The Walking Dead Creator Supports Show Making Changes and Killing Off Major Comic Characters

The Walking Dead creator Robert Kirkman encouraged writers of the television series to kill off major characters who survived in his since-ended comic book, but the series executive producer also pushed for the show to bring to screen key comic book moments "as much as possible." Now in its tenth season, the AMC series inspired by the comic from Kirkman and artists Tony Moore and Charlie Adlard has taken significant detours from the book with the departures of Rick Grimes (Andrew Lincoln) and Michonne (Danai Gurira) as well as the eighth season death of their son, Carl Grimes (Chandler Riggs), whose comic book counterpart lived through the book's final issue.

"Being in the writers room as long as I was, it was a real thrill to me to be working with seven professional writers all in a room tearing my comic book apart," Kirkman said during a live stream Q&A hosted by Hey Fandom! "It seems like it's an absolute nightmare, but it was really great and rewarding to have them go, 'This story worked because of this, and we can change this this way because of that, and this really worked well, and we can make it better by adding this.'"

For Kirkman, who ended his comic book last July after 16 years and 193 issues, it was a "great learning experience" seeing the show's writers "dig into material that was, in some cases, seven, eight, ten years old. So I was going, 'Oh, yeah. I barely remember that, let's change that. That'll be fun.' It was a great process."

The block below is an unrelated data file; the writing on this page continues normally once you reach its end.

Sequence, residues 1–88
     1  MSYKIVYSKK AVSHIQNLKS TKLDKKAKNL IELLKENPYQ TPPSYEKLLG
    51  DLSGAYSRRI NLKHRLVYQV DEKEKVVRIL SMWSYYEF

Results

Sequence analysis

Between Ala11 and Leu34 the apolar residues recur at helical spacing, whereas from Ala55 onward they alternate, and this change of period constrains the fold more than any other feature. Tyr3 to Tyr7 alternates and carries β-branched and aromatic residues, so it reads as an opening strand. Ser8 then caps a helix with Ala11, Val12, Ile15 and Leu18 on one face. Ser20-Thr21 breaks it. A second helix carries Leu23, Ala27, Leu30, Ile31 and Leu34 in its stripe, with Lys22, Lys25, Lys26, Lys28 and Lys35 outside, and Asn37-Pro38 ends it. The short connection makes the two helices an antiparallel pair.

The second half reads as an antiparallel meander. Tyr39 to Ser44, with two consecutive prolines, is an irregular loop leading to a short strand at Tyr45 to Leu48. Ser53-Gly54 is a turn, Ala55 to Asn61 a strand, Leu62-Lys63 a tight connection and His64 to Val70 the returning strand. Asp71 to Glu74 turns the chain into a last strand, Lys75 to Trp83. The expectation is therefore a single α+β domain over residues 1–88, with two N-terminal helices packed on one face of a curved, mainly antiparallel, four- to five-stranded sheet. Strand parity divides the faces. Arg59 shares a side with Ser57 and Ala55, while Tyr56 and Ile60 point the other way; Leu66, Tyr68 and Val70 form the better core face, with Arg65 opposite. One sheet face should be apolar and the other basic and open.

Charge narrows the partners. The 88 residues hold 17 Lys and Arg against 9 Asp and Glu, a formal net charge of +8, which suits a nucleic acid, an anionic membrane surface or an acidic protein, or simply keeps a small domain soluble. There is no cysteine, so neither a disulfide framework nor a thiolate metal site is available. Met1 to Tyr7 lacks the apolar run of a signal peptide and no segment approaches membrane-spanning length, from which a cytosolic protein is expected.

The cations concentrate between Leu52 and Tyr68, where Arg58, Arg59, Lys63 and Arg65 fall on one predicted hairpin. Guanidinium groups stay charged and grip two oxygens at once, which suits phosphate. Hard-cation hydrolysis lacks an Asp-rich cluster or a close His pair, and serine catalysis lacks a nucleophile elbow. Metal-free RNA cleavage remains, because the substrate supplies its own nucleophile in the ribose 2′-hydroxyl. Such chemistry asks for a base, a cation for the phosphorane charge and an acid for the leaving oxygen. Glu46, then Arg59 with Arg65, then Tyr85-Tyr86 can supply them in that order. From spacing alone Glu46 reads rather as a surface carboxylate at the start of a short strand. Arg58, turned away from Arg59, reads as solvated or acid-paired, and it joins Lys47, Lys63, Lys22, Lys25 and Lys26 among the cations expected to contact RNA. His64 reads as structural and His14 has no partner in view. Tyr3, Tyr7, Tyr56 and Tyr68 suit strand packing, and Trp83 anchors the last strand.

As much as Kirkman advocated for changes, the writer-producer would speak up to prevent the show from veering too far away from scenes or storylines anticipated by comic book readers.

"There are moments where I would say, 'Okay, we need to keep this one pretty close, and everybody would agree.' I don't want fans to think I was some kind of madman tearing my material apart," Kirkman said. "I very much considered myself a steward of the brand and to try and protect these stories — not that they need any protecting, per se — but just to pay tribute to the fans that have supported the material."

Almost nothing is off-limits, according to Kirkman, who says his involvement with the television show made the comic book better.

"There are things in The Walking Dead that a Walking Dead fan is definitely going to want to see adapted into the show, and we try to do that as much as possible," he said. "So there are things that did get adapted directly, it wasn't all completely throw caution to the wind. But there were so many times where I'd be like, 'Just kill 'em, it'll be great. They were a big character in the comic, but [it will] blow people away if they die after two episodes. It'll be hilarious, let's do that.'"

"And then every now and again," Kirkman admitted, "the writers would have to talk some sense into me [laughs]."

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Kirkman previously defended TV Carl's death when he said such surprise detours helped keep things "exciting" for comic book readers who think they know "exactly what's going to happen." Subsequent deviations that "snowball" out of those changes "makes for a better show," Kirkman said on Talking Dead.

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